Dynamic Embedded SQL (RUNSQL) Command
Back in 1987 when SQL had just shipped a year or two earlier on System/38, I wanted to be able to run SQL statements from CL or Command Entry. During that time frame, SEQUEL from ASC was your only real choice. Today, SEQUEL from Help/Systems (who purchased ASC over a year ago) is still your best choice when it comes to running SQL from CL or Command Entry.
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What I wanted, however, was to provide a way for those who did not license the DB2 SQL licensed program for their system to be able to run SQL anyway. I eventually created a CL command named RUNSQL, which was installed in thousands of shops around the world. Today for RPG Coder readers, what I'd like to do is release a the RUNSQL source code for you to use as you see fit. This code is stripped down from its original version and does not support the SELECT statement (although the over version I wrote does). This version allows you to run SQL dynamically, so things like UPDATE, INSERT, and DELETE are now possible from within CL or Command Entry using this utility.
Why now? A lot of people, as well as IBM Rochester, are recommending that you use SQL to replace database file DDS when creating files. Most people do have the interactive SQL available to them today, but do you really want to restrict creating SQL files to an interactive process or creating a customized RPG IV program for every file? I sure don't.
The Run SQL for ILE (RUNSQLLE) RPG IV program below allows you to run any SQL statement except SELECT from command entry. That statement can be up to 3,000 bytes long; however, if you need it to be longer, you can modify the parameters and the subsequent Command Definition Source to allow longer parameters to be processed.
Simply cut and past the source code below into an RPG IV source member. Name the source member RUNSQLLE and set its SEU Source Type to RPGSQLLE.
The Source member is written in RPG IV /free (free-format RPG IV) syntax and takes advantage of the i5/OS V5R4 embedded SQL syntax. This source member will not compile on earlier releases. For that, you would need to convert the embedded SQL statement to that ugly embedded SQL syntax using the 'C+' syntax we've grown to love to hate.
The source member starts out by setting off commitment control using the SQL SET OPTION statement. If you prefer or need to use this feature, consider making it a parameter and passing in the value for the COMMIT option.
SQLRPGLE Source Member: RUNSQLLE
H DFTACTGRP(*NO) ACTGRP(*NEW) OPTION(*SRCSTMT)
<span class="Comments">// Be sure to name the src mbr the same as that of the EXTPGM keyword</h3>
D RunSQL PR EXTPGM('RUNSQLLE')
D stmt 3000A Const Varying
D RunSQL PI
D stmt 3000A Const Varying
D hostSQLStmt S 3000A
C MOVEL *ON *INLR
commit = *NONE,
CLOSQLCSR = *ENDMOD,
NAMING = *SYS;
if (%len(stmt) > 0 and stmt <> *blanks);
hostSqlStmt = stmt;
exec sql execute immediate :hostSqlStmt;
How It Works
The EXECUTE command in SQL has two variations, EXECUTE and EXECUTE IMMEDIATE. I've selected the EXECUTE IMMEDIATE command because it's job is to run SQL statements dynamically, similar to how they are run in the interactive SQL environment (that is, STRSQL).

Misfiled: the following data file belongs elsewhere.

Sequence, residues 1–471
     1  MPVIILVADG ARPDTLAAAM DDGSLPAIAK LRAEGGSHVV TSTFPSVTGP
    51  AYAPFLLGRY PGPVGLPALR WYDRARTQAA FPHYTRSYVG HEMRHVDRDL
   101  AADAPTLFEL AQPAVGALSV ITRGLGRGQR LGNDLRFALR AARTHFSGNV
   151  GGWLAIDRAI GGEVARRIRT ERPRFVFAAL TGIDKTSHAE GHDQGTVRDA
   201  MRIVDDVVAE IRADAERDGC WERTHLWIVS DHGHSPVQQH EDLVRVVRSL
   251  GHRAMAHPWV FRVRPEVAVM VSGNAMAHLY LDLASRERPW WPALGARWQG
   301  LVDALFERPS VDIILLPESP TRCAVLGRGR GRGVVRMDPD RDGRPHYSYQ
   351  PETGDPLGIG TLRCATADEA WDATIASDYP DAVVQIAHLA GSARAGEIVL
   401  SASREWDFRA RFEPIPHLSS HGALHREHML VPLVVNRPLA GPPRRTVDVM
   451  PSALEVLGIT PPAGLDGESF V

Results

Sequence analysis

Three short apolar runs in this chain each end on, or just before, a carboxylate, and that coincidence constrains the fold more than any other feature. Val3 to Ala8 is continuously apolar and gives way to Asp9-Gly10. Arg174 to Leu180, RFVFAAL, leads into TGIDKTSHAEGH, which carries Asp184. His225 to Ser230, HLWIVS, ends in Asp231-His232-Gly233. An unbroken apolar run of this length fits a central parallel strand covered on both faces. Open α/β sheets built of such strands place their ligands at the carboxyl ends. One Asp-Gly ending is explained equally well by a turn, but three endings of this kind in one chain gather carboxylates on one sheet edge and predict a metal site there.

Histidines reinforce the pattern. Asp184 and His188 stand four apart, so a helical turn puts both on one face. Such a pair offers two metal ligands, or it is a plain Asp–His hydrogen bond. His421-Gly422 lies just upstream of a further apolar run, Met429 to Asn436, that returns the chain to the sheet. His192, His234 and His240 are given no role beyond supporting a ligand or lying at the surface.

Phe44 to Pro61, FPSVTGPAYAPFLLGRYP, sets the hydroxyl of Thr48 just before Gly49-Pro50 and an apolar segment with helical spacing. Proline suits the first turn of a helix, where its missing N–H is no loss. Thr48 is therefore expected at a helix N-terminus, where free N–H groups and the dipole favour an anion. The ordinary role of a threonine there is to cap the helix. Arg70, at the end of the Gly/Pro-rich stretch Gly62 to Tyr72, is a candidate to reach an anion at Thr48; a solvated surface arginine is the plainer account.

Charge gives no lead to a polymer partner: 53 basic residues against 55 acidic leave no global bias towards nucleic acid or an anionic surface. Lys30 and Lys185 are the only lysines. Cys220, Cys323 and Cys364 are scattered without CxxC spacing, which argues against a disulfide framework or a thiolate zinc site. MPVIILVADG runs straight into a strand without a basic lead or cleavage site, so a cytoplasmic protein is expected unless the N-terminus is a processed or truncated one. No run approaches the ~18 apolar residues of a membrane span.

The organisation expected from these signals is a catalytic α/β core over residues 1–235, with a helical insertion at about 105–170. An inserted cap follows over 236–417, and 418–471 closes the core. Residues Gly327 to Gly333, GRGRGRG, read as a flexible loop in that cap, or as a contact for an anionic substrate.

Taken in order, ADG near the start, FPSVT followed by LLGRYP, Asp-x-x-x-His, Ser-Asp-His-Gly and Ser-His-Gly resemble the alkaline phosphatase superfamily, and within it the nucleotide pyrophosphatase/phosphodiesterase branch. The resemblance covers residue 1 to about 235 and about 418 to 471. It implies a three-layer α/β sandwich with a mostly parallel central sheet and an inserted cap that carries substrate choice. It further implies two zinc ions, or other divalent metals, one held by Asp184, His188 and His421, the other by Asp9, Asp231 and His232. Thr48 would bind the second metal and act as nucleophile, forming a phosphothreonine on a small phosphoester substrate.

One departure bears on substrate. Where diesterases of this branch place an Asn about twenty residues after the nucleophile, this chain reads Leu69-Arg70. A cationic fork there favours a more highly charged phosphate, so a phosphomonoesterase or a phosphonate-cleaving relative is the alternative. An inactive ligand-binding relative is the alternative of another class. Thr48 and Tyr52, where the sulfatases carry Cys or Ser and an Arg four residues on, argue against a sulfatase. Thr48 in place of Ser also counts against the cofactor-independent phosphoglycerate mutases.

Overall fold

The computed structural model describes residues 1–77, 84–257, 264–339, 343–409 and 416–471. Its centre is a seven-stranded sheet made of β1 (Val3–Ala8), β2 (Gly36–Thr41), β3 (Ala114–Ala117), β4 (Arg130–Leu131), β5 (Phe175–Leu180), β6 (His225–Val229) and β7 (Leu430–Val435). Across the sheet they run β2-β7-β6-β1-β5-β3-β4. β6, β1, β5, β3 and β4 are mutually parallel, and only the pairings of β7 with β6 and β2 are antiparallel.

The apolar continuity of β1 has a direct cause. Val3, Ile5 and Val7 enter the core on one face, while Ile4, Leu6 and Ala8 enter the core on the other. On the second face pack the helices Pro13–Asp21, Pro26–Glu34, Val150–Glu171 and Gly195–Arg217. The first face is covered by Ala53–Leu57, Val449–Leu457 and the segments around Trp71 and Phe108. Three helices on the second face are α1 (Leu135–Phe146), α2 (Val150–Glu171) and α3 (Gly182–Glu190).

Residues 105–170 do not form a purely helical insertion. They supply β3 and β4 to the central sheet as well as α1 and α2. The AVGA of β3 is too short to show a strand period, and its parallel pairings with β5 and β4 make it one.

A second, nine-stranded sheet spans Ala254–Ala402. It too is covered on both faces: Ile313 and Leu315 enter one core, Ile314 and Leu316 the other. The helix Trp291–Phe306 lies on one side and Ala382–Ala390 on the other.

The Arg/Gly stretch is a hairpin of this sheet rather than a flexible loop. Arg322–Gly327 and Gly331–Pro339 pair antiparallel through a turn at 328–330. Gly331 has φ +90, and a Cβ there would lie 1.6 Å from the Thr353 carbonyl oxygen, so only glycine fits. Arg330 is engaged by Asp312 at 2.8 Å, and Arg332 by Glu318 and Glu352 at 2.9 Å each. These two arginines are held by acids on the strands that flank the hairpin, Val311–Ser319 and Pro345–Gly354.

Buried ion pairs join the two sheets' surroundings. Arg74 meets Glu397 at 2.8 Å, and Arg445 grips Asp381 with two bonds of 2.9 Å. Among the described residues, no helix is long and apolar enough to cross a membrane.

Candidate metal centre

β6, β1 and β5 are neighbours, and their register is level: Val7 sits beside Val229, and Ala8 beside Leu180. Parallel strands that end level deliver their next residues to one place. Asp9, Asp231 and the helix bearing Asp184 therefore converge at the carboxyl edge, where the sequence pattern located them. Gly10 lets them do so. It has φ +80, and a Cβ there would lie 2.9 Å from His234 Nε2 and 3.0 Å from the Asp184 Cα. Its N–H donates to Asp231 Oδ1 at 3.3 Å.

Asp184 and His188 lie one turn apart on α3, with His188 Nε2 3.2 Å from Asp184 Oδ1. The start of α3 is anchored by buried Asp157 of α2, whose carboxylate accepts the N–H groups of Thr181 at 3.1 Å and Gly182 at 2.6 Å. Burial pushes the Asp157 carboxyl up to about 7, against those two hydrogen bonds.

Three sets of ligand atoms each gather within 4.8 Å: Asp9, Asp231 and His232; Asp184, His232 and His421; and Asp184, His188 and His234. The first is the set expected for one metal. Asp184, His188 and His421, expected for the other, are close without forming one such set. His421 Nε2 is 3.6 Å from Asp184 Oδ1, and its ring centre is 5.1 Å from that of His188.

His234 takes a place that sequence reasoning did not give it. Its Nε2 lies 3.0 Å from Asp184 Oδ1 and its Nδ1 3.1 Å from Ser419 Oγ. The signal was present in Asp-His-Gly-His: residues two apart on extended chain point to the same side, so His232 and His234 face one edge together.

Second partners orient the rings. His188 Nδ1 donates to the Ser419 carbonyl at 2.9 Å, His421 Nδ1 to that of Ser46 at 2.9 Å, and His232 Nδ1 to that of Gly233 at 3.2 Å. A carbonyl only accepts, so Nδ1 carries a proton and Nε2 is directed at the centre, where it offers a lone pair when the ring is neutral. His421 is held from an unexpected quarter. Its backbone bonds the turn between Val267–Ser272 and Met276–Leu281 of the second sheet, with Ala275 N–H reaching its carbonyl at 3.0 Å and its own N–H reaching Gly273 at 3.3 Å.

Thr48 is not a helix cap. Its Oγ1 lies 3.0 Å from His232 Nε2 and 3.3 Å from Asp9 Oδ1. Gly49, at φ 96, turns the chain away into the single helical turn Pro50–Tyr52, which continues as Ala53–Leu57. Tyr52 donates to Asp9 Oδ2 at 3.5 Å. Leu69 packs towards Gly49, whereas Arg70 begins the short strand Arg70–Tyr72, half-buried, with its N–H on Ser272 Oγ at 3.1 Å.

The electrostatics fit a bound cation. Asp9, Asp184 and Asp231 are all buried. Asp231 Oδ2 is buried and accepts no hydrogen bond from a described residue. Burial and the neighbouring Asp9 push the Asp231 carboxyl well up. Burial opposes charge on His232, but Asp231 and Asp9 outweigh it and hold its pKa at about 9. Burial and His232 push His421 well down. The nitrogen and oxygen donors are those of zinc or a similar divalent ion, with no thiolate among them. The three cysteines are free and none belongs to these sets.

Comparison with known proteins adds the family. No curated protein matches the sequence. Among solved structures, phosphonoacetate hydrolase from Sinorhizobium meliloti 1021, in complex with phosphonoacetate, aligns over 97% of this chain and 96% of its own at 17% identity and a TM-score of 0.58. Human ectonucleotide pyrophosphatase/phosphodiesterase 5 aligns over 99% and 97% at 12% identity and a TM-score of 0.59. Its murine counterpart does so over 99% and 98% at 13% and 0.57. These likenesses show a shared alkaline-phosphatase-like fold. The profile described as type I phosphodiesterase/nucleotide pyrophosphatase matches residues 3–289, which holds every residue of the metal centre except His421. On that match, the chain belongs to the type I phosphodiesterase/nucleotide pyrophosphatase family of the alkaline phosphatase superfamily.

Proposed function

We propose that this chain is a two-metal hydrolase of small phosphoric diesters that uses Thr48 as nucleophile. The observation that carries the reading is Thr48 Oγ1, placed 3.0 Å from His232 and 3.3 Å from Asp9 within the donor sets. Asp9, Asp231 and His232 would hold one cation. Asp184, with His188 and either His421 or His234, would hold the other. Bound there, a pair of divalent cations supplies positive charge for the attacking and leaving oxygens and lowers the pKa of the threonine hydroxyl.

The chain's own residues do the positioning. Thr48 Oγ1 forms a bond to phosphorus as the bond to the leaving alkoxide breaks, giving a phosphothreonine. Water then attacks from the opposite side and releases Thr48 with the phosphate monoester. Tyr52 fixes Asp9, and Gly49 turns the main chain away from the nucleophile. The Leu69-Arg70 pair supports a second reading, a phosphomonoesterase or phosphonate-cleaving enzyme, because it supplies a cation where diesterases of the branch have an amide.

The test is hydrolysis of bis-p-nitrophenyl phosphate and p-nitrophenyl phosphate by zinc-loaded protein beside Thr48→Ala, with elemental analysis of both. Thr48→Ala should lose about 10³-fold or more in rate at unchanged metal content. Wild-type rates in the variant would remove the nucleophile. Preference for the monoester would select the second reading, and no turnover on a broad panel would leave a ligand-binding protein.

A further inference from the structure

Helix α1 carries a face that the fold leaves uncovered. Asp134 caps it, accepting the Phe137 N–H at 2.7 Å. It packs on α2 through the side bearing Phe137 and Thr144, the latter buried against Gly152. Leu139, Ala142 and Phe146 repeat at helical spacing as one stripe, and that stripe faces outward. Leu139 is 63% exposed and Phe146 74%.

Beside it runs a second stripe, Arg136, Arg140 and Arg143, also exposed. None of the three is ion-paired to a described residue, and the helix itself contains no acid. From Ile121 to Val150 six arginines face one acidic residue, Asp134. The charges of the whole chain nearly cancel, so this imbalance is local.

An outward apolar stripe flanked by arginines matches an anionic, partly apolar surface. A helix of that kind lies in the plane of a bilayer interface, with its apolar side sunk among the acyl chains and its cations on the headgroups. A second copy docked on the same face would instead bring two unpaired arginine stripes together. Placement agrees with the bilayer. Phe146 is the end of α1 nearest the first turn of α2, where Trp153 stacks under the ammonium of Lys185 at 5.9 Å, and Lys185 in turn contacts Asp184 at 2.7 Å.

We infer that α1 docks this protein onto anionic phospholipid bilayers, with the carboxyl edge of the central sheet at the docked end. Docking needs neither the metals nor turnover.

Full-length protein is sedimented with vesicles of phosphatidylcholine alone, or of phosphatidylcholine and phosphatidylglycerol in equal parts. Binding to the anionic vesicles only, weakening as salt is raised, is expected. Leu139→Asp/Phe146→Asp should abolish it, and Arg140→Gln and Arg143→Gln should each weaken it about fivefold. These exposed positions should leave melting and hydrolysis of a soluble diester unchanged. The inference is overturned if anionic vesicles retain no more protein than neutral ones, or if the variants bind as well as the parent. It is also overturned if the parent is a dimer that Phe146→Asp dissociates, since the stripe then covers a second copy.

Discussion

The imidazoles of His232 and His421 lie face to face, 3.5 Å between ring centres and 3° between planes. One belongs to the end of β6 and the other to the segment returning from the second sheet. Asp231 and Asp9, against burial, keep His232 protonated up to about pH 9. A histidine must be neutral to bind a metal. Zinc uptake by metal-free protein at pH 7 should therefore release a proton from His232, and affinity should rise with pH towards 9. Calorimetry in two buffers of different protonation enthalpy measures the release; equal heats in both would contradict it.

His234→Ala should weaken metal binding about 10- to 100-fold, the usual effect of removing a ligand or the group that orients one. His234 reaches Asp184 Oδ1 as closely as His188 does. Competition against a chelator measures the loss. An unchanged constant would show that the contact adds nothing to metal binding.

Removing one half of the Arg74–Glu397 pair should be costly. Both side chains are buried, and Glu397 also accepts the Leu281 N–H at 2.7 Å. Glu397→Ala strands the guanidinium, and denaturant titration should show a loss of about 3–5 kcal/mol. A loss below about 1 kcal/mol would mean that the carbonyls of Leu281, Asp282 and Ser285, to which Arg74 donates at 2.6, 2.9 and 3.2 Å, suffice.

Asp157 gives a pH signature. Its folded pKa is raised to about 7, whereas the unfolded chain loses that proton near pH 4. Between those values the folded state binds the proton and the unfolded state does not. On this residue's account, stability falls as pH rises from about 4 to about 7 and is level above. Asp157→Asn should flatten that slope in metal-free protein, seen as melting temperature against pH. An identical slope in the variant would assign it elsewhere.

EXECUTE IMMEDIATE takes an SQL statement and dynamically parses and runs the statement, as the name implies, immediately. As far as I know, the only SQL statement you cannot run using EXECUTE IMMEDIATE is the SELECT statement, which ironically is the one most programmers would love to have available. The version I used to sell did run SQL, but it used the RUNSQLSTM CL command.
I've created the simple, one parameter CL command definition below that will call RUNSQLLE:
/* Command processing program is RUNSQLLE */
PARM KWD(SQL) TYPE(*CHAR) LEN(3000) EXPR(*YES) +
VARY(*YES *INT2) PROMPT('SQL Statement')
The key option on this Command Definition is the PARM statement's VARY parameter. By specifying VARY(*YES *INT2) I've created a CL command whose parameter matches the definition of an RPG IV VARYING field. So it gets passed and tells the RPG program how long the input parameter is. If you move to i5/OS V6R1 and want to use the long variable support, you can simply change the VARY parameter to VARY(*YES *INT4) and then change the input parameter definition to VARYING(4), and they'll match correctly.
To illustrate how this command may be used, I've inserted a database record into my CUSTMAST file from Command Entry, below:
===> RUNSQL SQL('INSERT INTO RPGCODER/CUSTMAST (CUSTNO,CUSTNAME, ADDR1, CITY,
STATE, ZIPCODE, EMAIL) VALUES(33333,'The Big Blue Computer Company',
'Three IBM Plaza','Chicago','IL', '60606', 'email@example.com')')
In a CL program, you can build the SQL string dynamically and simply pass one large variable to the SQL parameter of RUNSQL. Or you can pass an expression with lots of *TCAT's if you prefer. The cool this is, now you can write, update, and delete records in database files from within CL; and with CL's new capabilities, this is a pretty cool capability.
Bob Cozzi has been an RPG programmer since 1978. His best- selling book, The Modern RPG IV Language, along with earlier editions have sold more than 60,000 copies worldwide. Bob, along with authors Greg Veal (CL Programming for the IBM AS/400), Bob Tipton (Untangling IT), IBM's George Farr (Java for RPG Programmers), and others will be at the annual RPG World Conference -- the place to get the kind of training and information you can take back and start using immediately.